Ed. Note: This post is part of the Spotlight on Commerce series, which highlights members of the Department of Commerce who are contributing to the president's vision of winning the future through their work.

Guest blog by Harold "Pete" Garrison, Official In Charge, National Weather Service, Bethel Alaska

As a NOAA employee, I am in charge of the weather service office in Bethel, Alaska, a hub for more than 50 communities and villages with about 25,000 native residents. It is located in the delta regions of the mighty Yukon and Kuskokwim Rivers. The office has a number of responsibilities that include upper-air and aviation observations, climate data collection, and the dissemination of weather products.

I am Inupiat Eskimo with some Russian, from the early explorers, on my mother’s side. After my father died in the US Air Force, My mother, three younger siblings and I moved to Unalakleet. I attended BIA school in Unalakleet and then went to a Native boarding school in Sitka until my high school graduation in 1968. Afterwards, I went to college in Fairbanks, Sitka, and Anchorage; however, I did not complete a degree because I decided I wanted to stay with NWS long-term.

Spotlight on Commerce: Jan Jacobs, Tribal Intergovernmental Affairs Specialist, U.S. Census Bureau

Jan Jacobs at the I’n-lon-shka dances with her granddaughter

Ed. Note: This post is part of the Spotlight on Commerce series, which highlights members of the Department of Commerce who are contributing to the president's vision of winning the future through their work.

Guest blog by Jan Jacobs, Tribal Intergovernmental Affairs Specialists, Office of Congressional and Intergovernmental Affairs, U.S. Census Bureau

As Tribal Intergovernmental Affairs Specialist in the Census Bureau’s Office of Congressional and Intergovernmental Affairs, I work with Tribal, state, county and local governments directly or through our partner advocate groups. More specifically, I’m the Subject Matter Specialist on American Indian and Alaska Native (AIAN) programs and policy for Census – as part of that role, I offer guidance and support to the bureau’s divisions, branch offices and regional offices.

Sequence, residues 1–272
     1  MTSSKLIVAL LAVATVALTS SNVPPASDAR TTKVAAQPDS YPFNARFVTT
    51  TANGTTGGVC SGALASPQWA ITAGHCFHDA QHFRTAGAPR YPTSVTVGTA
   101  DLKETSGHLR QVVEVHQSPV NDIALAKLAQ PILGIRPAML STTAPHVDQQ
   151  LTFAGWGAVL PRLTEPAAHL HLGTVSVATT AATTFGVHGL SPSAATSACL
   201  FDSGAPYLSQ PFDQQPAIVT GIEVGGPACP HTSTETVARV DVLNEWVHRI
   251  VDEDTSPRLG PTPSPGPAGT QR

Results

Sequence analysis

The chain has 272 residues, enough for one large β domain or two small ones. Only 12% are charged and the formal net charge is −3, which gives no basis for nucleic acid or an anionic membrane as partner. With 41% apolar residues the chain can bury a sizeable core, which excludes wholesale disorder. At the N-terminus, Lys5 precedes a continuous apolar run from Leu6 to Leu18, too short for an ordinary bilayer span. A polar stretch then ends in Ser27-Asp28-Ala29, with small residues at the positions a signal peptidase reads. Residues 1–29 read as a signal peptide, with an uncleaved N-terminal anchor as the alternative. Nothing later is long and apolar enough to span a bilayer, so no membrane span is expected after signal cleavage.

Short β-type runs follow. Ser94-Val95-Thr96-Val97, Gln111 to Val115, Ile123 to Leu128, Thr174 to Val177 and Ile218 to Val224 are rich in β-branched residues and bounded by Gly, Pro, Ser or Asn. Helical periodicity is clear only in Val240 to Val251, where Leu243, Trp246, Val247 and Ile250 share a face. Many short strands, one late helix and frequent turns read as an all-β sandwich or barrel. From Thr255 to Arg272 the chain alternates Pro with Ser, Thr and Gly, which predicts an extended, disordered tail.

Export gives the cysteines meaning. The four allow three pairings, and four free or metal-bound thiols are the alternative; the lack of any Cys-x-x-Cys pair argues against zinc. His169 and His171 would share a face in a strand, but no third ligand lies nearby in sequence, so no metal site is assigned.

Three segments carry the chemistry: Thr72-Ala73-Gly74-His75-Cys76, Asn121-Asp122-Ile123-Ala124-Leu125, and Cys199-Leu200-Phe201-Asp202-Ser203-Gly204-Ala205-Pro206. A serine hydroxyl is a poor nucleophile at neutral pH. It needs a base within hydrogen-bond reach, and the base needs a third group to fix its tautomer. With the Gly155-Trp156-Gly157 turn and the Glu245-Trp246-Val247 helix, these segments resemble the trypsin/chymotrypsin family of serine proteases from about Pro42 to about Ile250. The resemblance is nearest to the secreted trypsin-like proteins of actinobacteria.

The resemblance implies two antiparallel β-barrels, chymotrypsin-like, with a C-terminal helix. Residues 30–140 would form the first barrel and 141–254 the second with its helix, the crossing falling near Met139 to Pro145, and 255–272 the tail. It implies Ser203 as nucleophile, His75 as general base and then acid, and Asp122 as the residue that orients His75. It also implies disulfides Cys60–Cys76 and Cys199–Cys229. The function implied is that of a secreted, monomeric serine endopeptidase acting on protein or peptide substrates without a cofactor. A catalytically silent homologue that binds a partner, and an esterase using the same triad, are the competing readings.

My journey to this role began as a child growing up in the deer clan of the Osage Nation of Oklahoma. My father served for more than four decades as the high school’s band director near the Osage reservation. My mother made traditional Osage clothes to wear at the I’n-lon-shka dances, our traditional annual gathering. She made exquisite Osage ribbon work and won national recognition for her skill. I remember her being active in tribal affairs – both regionally and nationally – and she often took me with her to meetings and events. These experiences gave me an opportunity to travel around the country learning from a host of Indian people. I still return home every June with my family for my ceremonial dances, a time to reconnect with family and my Osage culture.  I am Osage every day, but the dances help to revitalize and re-energize me for the coming year.